On Sept. 14, the House Agriculture Subcommittee on Livestock, Dairy, and Poultry held a public hearing to examine the issue of feed availability and its effect on the livestock, dairy, and poultry industries. Members of the subcommittee heard testimony from animal producers and their industry associations, who as a group called for an end to the Renewable Fuel Standard and other biofuel support policies or at minimum a suspension of the RFS if corn supplies are short in any given year. No grain growers, biofuel producers, or biotechnology companies were invited to give testimony, so Congressmembers heard only the poultry and beef story.
The Subcommittee’s Ranking Member Dennis Cardoza (D-Calif.) summed up the hearing by saying, “Prices have skyrocketed recently, especially harming [California’s] dairy, livestock, and poultry producers. It is time for Congress to stop picking winners and losers, which is causing a shortage of feed in our country.”
The testimony presented by the animal producers contained some statements that should be clarified for Congressmembers.
Foremost among the concerns presented by the animal producers is that ending stocks for corn have fallen to “unprecedented lows,” to cite the testimony of Dr. Steven Roger Meyer of Paragon Economics, an agriculture economist who represented the National Cattlemen’s Beef Association at the hearing. The unprecedented low he is referring to is in the stocks-to-use ratio, or the percentage of total grain held as stock at the end of the year. But, since overall supply and use have increased, the ratio has changed, as shown in the graph below. The total amount of stock in millions of bushels at the end of 2010 and 2011, while below average, was not at historic lows.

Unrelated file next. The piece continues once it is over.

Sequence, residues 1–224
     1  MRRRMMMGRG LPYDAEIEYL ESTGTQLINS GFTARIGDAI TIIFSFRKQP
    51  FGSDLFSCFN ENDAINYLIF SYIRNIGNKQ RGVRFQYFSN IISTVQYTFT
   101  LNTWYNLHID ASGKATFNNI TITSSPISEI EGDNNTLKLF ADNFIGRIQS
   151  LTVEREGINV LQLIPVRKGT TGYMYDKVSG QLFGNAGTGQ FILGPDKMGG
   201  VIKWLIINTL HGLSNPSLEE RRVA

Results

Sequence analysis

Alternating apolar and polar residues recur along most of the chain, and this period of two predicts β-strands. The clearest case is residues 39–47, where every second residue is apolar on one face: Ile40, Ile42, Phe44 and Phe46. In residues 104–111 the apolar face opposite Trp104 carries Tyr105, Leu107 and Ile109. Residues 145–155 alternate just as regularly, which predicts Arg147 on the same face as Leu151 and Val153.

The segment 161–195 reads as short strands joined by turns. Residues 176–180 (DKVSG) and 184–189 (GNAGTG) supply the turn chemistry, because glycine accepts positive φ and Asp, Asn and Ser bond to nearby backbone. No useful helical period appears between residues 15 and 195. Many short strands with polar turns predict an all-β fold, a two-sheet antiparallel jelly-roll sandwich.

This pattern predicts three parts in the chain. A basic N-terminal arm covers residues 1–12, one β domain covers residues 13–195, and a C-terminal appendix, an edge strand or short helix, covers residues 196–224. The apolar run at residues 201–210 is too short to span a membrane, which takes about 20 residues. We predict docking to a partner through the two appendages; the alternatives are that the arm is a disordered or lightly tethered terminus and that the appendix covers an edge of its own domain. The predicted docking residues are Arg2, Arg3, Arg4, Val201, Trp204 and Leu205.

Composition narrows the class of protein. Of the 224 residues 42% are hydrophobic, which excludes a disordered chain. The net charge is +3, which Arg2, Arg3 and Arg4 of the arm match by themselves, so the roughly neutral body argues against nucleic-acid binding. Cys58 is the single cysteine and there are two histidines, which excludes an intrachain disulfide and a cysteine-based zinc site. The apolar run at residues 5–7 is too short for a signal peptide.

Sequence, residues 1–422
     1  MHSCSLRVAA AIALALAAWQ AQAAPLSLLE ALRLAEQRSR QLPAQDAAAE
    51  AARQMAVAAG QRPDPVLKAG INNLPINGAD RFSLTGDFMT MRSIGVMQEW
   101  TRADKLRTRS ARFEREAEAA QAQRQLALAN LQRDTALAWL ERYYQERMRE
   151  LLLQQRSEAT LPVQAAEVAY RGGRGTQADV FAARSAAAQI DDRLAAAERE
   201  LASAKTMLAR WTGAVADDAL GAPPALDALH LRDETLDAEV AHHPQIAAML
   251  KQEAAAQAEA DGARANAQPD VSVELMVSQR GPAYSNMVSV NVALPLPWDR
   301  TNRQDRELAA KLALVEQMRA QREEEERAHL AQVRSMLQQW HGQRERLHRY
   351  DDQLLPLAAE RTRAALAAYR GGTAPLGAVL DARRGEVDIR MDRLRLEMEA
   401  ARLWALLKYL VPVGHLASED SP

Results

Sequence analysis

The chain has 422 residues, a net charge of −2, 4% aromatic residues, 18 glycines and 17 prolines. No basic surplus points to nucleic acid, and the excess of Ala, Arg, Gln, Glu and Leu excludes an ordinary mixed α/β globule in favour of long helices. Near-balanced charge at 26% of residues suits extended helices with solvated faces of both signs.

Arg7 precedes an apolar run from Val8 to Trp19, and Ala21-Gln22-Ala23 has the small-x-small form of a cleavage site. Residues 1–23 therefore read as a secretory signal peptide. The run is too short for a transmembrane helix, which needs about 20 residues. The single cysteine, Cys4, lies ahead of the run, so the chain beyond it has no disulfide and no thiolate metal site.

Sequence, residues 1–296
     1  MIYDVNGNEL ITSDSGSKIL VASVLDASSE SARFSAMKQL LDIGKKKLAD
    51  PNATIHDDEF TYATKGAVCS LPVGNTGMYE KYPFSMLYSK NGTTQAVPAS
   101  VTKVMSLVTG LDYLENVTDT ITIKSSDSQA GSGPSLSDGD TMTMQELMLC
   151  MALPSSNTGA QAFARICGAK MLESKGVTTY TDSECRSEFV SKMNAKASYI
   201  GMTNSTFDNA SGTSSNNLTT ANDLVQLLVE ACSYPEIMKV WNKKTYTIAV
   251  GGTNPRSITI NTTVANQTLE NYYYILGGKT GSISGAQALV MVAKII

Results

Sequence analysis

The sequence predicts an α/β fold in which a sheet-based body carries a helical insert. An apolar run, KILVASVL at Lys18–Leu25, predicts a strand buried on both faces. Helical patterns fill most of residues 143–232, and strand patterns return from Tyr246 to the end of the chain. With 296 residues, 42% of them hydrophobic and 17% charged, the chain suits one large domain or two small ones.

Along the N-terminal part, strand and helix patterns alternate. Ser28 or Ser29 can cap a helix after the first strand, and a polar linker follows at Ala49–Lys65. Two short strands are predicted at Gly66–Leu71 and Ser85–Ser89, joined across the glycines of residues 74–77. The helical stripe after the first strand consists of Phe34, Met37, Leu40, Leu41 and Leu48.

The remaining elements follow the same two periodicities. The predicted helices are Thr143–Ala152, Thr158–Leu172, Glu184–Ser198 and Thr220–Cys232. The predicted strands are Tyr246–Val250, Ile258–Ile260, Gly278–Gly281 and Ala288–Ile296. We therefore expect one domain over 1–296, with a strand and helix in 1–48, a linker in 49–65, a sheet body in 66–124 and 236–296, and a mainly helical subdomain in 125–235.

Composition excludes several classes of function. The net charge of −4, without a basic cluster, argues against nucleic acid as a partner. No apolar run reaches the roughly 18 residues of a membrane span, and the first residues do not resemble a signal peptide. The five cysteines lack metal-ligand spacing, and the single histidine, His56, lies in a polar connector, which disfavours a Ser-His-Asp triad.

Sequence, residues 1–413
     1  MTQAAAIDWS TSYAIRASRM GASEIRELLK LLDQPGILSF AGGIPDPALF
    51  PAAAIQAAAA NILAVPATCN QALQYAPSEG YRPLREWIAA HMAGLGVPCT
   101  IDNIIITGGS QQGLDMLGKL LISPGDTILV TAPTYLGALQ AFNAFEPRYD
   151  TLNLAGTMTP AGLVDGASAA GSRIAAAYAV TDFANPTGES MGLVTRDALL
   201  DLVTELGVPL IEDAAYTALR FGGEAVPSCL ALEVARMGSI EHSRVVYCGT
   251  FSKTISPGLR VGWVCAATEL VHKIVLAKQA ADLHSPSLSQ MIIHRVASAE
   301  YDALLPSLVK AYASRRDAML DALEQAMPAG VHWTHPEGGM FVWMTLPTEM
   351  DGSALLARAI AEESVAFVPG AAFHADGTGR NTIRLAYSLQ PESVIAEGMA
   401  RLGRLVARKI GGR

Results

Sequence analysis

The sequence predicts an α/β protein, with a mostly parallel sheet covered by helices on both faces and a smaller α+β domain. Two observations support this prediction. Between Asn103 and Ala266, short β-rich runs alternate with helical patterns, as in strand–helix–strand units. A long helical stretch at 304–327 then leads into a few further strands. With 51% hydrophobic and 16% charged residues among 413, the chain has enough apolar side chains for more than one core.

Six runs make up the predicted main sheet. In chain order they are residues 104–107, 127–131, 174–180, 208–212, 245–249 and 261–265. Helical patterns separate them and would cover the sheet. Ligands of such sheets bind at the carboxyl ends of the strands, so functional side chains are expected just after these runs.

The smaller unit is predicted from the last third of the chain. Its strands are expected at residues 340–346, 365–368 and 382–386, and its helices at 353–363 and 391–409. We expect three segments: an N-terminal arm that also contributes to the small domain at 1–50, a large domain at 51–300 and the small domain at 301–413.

Dr. Meyer also claims that the tax credits for alcohol fuels and tariff on imported ethanol (which are scheduled to expire at the end of 2011) and the Renewable Fuel Standard have caused “lower per capita meat and poultry output.” Production of grain fed animals has changed very little over the past 25 years, as shown in the graph below, and has continued to increase since 2007. But of course, U.S. population has grown faster, so of course there is lower per capita production.
Dr. Meyer recognizes, where other speakers at the hearing did not, that DDGs left-over from ethanol production have replaced much (though not all) of the corn used for animal feed. But he, like others, fails to mention the changing nature of the diet of grain-fed animals. Feeding of any raw grain has declined, while feeding of mill byproducts – such as oilseed meal – has increased since 1985, as shown in the graph below (the graph does not include DDGs). That trend should be expected to continue as new, higher value uses of grains and oils come to the marketplace.
There are additional points that could be corrected. For instance, the gasoline oxygenate MTBE was never banned at the federal level, though it was in California and New York. Ethanol was favored because the industry faced multiple lawsuits over continued use of MTBE. And other agricultural economists – such as Bruce Babcock of the Center for Agricultural and Rural Development – have argued that the ethanol industry would have grown and outcompeted animal producers for corn stocks even without subsidies, as oil prices climbed in recent years.
In fact, the higher value for corn in recent years has helped corn farmers reverse a decade-long string of net losses, as shown below. Corn farmers are definitely more optimistic about the coming year than animal producers, according to the DTN/The Progressive Farmer Agriculture Confidence Index.